Lulu Miller, the Hackley Librarian, was appointed to serve also as Museum Director in 1916. Again, the Hackley Art Gallery was a national trend leader with the leadership of only the second woman in the U.S. to be appointed as an art museum director.  Lulu Miller served in the joint capacity of museum and library director until 1930 and made some very astute acquisitions for the collection, including the Edward S. Curtis portfolio and the Winslow Homer painting Answering the Horn.

In 1930, Frank Almy, a graduate of Harvard Fine Arts Course, was the MMA’s next director.  He energetically set out to “sell the Hackley Gallery to the people of Muskegon.” However, the Chronicle commented, “Whether or not the long indifference of the people of this city to the treasure they have in this gallery can be overcome, we do not know…”

Almy tirelessly lectured, created exhibits and made astounding acquisitions of art for the collection including Edward Hopper’s NEW YORK RESTAURANT (the only Hopper painting in the state of Michigan) and the sensational John Steuart Curry’s TORNADO OVER KANSAS.  Another of Almy’s important acquisitions was Joos Van Cleve’s ST JEROME IN PENITENCE, painted in 1516.

The museum continued to undergo many changes and Hackley wasn’t its only benefactor. L.C. Walker, well-known Muskegon business leader and philanthropist, along with his wife Margaret, were instrumental in building the museum’s outstanding graphics collection.  Indeed, in every decade since 1940, the Walker family, continuing with Shaw and Betty Walker, have given significant works of art to the MMA.

In 1979, ground was broken for a $1.6 million addition to the Hackley Art Gallery, also funded by the L.C. & Margaret Walker Foundation.  Construction was completed in 1980 and with that, the Hackley Art Gallery changed its name to the Muskegon Museum of Art with the Hackley Galleries and the Walker Galleries.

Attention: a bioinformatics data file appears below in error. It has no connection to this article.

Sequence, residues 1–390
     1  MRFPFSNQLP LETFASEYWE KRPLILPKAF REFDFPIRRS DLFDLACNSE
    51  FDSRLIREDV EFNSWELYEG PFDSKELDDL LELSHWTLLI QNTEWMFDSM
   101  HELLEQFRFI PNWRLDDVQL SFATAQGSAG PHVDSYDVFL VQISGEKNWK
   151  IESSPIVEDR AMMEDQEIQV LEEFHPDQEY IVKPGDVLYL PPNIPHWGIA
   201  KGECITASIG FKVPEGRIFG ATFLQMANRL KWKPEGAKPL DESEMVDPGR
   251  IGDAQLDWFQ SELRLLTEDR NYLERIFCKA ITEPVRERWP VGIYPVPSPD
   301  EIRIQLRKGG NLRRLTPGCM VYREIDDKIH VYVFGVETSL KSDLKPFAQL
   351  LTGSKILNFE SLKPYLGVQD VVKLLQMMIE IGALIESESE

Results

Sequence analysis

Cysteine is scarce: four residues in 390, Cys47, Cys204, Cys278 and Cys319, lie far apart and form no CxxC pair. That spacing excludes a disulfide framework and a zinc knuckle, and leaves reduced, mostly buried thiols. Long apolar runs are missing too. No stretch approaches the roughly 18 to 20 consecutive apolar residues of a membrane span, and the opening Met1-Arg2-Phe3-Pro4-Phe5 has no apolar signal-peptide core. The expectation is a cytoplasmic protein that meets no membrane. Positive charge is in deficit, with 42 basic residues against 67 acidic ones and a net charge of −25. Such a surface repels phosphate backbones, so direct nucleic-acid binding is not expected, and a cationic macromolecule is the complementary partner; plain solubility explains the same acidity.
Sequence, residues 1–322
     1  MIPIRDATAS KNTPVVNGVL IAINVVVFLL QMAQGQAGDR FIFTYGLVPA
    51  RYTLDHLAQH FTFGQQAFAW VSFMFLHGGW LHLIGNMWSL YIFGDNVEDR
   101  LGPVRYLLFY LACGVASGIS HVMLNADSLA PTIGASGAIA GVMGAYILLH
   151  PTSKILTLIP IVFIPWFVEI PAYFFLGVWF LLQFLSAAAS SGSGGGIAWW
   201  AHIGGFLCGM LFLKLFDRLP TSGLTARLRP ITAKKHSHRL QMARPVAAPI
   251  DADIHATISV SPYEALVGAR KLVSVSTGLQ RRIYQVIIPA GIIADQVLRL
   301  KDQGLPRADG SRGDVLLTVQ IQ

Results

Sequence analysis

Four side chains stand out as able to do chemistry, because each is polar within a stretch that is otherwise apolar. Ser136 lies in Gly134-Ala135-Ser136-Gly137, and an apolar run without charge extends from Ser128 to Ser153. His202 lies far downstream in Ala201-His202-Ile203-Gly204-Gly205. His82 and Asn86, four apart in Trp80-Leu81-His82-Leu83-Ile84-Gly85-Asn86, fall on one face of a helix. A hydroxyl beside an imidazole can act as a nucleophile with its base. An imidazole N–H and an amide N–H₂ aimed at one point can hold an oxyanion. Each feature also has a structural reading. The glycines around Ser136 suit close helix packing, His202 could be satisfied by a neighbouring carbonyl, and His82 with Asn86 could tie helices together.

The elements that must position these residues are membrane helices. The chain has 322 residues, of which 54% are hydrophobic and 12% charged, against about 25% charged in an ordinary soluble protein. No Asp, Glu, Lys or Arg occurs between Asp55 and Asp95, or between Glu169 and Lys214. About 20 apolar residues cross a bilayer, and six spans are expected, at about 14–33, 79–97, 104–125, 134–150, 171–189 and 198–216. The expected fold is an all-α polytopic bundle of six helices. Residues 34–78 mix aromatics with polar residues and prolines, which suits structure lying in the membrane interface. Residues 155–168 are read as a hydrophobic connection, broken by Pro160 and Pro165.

The Muskegon Museum of Art Foundation Board of Trustees was established in 1983, at the conclusion of a successful drive to raise $1,000,000, led by another community philanthropist, Robert Tuttle, which established the first MMA Endowment Fund at the Community Foundation for Muskegon County.  The MMA Foundation Board of Trustees is a board mutually appointed by the Board of Education and the Community Foundation for Muskegon County and exists to provide oversite for the Museum, raise funds, and advise the Board of Education on all matters related to the Museum.

But the museum is so much more than fine art and Boards.  Our Permanent collection is the envy of many of our colleagues in the art world, our changing exhibition schedule is rich with opportunities for our community to experience art and artists from around the world, and our school outreach and tour program reaches over 5,000 area students annually.


The Muskegon Museum of Art is accredited by the Amercan Association of Museums. 


Muskegon Museum of Art Foundation Board of Trustees


Frank Bednarek
VP, Development, Hooker DeJong Architects & Engineers
Muskegon, MI
Home: Whitehall, MI

Kimberly Van Kampen
President, Hampton Green Farms
Spring Lake, MI & Wellington, FL
Home: Wellington, FL and Spring Lake, MI

Dr. Fred Brown
Muskegon Surgical Associates, Ret.
Muskegon, MI
Home: Spring Lake, MI

Carol Folkert
CEO, Harbor Steel & Supply
Muskegon, MI
Home: Spring Lake, MI

Amy Heisser, Chair
Director, Human Resources, Alcoa Howmet
Whitehall, MI
Home: Muskegon, MI

Erick P. Johnson, Secretary
Business Development Director, JSJ Corporation
Grand Haven, MI
Home: Spring Lake, MI

Trip Johnson, Vice-Chair
Owner, G & L Chili Dogs
Home: Muskegon, MI

Brian Lang
Partner, Warner Norcross & Judd LLP
Muskegon, MI
Home: Muskegon, MI

Michael Olthoff
President, Nichols
Home: Muskegon, MI

Margaret Byington Potter
Director, Detroit River Tunnel Partnership
Troy, MI
Home: Grand Rapids, MI

John Pridnia, Treasurer

Principal, Rehmann

Muskegon, MI
Home: Muskegon, MI

Thomas Tuttle
Home: Minnetonka, MN

Steve Westphal
Senior Director for National Accounts, MLive/Muskegon Chronicle
Muskegon, MI
Home: Spring Lake